“I was one of ten of the first CrossFit instructors in Europe and the first to operate an affiliated CrossFit fitness centre. I worked closely with both CrossFit HQ and Reebok in training and promoting the CrossFit brand. I also worked in the collaboration of several sport related competition and obstacle races (Spartan) with Reebok. I hope to use that knowledge base/contacts and create something fun and exciting in Georgia,” said Burton.

Her husband’s background lies in internet business and commerce. Combined with his love of travel and adventure he is developing a tourism package for Europe to introduce Georgia.  Through his logistic experience he will manage up to 50 Georgian employees in transport, rural tourism, and a small hotel resort.

Burton strongly encourages their co-citizens to start up business in Georgia, however there is one ‘if’. “If it supports the culture and can aid in creating a better Georgia - then good. But, if it is to invest and take advantage of the natural resources for their own benefit without the intention of maintaining the ‘rawness’ of Georgia, then please no. Factories and such would destroy this country.”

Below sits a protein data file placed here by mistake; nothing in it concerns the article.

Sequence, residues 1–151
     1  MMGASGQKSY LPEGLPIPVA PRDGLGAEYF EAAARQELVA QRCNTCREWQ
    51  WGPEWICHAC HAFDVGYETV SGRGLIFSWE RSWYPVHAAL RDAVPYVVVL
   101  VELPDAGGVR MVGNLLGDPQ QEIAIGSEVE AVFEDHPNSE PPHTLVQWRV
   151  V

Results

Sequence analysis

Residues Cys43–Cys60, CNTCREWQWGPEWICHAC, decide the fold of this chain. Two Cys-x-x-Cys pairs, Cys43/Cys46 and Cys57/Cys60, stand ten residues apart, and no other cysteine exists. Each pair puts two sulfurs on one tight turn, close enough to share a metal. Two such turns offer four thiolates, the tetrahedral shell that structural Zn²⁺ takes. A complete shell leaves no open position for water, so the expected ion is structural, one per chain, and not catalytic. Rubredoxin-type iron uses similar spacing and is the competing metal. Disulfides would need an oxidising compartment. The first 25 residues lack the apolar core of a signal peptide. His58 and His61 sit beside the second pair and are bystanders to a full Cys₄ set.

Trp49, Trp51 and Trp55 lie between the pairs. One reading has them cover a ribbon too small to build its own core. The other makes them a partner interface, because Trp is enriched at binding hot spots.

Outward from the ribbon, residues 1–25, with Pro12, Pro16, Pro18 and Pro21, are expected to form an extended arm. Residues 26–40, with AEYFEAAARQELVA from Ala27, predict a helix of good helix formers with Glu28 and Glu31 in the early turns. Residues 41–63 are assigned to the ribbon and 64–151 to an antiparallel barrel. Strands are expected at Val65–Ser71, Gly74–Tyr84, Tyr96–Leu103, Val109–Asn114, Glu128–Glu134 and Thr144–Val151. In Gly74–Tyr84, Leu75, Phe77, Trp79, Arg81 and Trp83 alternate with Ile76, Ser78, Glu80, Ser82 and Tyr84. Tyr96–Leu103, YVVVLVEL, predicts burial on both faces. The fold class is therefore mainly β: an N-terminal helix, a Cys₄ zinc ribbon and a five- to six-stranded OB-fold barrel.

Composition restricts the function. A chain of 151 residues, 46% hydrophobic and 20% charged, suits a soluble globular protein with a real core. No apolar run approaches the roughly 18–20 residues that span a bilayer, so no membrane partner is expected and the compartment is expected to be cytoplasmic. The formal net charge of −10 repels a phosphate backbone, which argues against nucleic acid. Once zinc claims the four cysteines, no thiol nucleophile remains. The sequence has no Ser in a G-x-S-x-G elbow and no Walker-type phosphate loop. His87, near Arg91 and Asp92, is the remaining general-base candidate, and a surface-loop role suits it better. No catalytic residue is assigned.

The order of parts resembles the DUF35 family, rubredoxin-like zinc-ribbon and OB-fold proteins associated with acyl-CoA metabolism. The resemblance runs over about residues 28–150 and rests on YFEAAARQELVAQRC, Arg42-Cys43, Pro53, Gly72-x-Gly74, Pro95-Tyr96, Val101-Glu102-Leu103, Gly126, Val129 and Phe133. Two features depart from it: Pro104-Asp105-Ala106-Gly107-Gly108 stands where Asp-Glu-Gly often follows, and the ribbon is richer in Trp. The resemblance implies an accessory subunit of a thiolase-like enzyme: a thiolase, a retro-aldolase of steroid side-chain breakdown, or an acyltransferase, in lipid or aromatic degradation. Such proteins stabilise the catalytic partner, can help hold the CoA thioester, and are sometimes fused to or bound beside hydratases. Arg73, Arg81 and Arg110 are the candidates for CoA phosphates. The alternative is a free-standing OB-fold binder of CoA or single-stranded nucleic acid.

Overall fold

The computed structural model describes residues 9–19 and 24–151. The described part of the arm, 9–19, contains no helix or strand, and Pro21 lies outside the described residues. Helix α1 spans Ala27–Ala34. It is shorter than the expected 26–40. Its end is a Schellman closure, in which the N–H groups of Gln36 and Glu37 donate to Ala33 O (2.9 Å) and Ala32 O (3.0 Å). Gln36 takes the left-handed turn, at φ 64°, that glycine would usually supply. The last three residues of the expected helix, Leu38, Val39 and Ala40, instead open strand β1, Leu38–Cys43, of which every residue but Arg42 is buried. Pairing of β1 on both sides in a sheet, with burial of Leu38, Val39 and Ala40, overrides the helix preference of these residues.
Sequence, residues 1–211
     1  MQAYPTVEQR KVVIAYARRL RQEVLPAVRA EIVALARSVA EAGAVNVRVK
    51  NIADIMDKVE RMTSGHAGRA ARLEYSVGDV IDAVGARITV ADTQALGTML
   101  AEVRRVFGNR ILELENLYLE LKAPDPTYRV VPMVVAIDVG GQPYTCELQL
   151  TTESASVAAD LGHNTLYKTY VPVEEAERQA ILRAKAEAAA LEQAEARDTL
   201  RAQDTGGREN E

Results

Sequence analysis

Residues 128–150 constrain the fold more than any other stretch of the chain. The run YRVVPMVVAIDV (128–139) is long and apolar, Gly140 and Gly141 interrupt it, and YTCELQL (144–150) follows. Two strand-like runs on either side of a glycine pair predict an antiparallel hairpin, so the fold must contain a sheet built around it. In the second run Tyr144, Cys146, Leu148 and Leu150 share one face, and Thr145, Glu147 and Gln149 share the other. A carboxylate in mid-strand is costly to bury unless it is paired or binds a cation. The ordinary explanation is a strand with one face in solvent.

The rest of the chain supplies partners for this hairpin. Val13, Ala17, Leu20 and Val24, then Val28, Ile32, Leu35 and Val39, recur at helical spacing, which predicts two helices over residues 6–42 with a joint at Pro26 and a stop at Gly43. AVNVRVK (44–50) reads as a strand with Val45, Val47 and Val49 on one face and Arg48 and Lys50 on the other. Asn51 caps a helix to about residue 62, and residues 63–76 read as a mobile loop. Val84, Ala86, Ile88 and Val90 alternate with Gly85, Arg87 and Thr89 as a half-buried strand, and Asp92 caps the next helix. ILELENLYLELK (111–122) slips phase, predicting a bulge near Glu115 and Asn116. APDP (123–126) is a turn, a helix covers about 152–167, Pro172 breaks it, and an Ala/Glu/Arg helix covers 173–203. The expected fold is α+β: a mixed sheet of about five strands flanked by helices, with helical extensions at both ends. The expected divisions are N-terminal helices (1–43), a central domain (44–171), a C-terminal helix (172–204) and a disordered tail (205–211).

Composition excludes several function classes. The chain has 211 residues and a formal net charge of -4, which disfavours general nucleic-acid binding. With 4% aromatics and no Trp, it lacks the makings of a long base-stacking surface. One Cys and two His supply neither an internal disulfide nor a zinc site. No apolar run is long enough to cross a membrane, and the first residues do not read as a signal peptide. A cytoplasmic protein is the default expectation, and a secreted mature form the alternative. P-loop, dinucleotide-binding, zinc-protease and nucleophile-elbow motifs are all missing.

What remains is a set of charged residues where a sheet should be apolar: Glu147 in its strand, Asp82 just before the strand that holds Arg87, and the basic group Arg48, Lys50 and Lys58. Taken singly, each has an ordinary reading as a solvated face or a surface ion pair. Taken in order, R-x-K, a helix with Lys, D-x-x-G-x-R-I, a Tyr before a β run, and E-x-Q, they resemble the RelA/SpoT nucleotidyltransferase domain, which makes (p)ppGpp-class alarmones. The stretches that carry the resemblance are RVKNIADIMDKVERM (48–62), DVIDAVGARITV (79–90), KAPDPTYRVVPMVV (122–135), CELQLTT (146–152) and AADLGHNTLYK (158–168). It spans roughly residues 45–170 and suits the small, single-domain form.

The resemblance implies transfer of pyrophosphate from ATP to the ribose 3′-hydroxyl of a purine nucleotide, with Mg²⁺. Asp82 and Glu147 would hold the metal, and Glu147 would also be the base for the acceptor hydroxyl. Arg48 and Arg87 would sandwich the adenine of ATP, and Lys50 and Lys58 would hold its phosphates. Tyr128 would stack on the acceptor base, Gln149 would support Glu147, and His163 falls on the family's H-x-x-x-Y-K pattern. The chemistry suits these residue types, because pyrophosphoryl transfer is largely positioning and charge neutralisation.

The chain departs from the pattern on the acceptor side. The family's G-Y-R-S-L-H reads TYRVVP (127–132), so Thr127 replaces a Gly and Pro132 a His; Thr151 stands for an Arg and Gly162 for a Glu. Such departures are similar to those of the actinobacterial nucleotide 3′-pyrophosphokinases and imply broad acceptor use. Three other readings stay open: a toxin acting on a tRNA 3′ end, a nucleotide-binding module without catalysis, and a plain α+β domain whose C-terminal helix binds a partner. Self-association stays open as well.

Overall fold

The main message Burton has for their co-citizens is: “Invest to invest in a well preserved culture. Do not invest to exploit or destroy the beauty of what Georgia is as we know it today.”

William Ipsen, together with his partner Andro Dzneladze, has formed Georgia Pacific Partnership as an investment vehicle to take advantage of prospective investment opportunities in Georgia, most specifically within the field of medicine.

Currently the founders have issued just over USD 100,000 in their initial opportunity, and have several more opportunities they are actively pursuing which could total another USD 200,000 to USD 1,000,000 if all options are exercised over the next 24 months.

“The opportunity in which we are currently engaged in Georgia had both the need for and, more importantly, the addition of well-qualified Georgian partners to allow us maximum opportunity to succeed,” said Ipsen.

Ipsen has spent 40+ years in the medical field, both in hospital administration and in the commercial business of medical imaging equipment. For the last 20 years he was co-owner of a medical ultrasound business based in the USA, with a satellite office located in Tbilisi for some 5+ years, of which he was actively involved and knowledgeable regarding the Georgian market for imaging systems.

Following his retirement in December 2014, his former Georgian partner in Tbilisi contacted him regarding other business opportunities. They are now engaged in one such opportunity.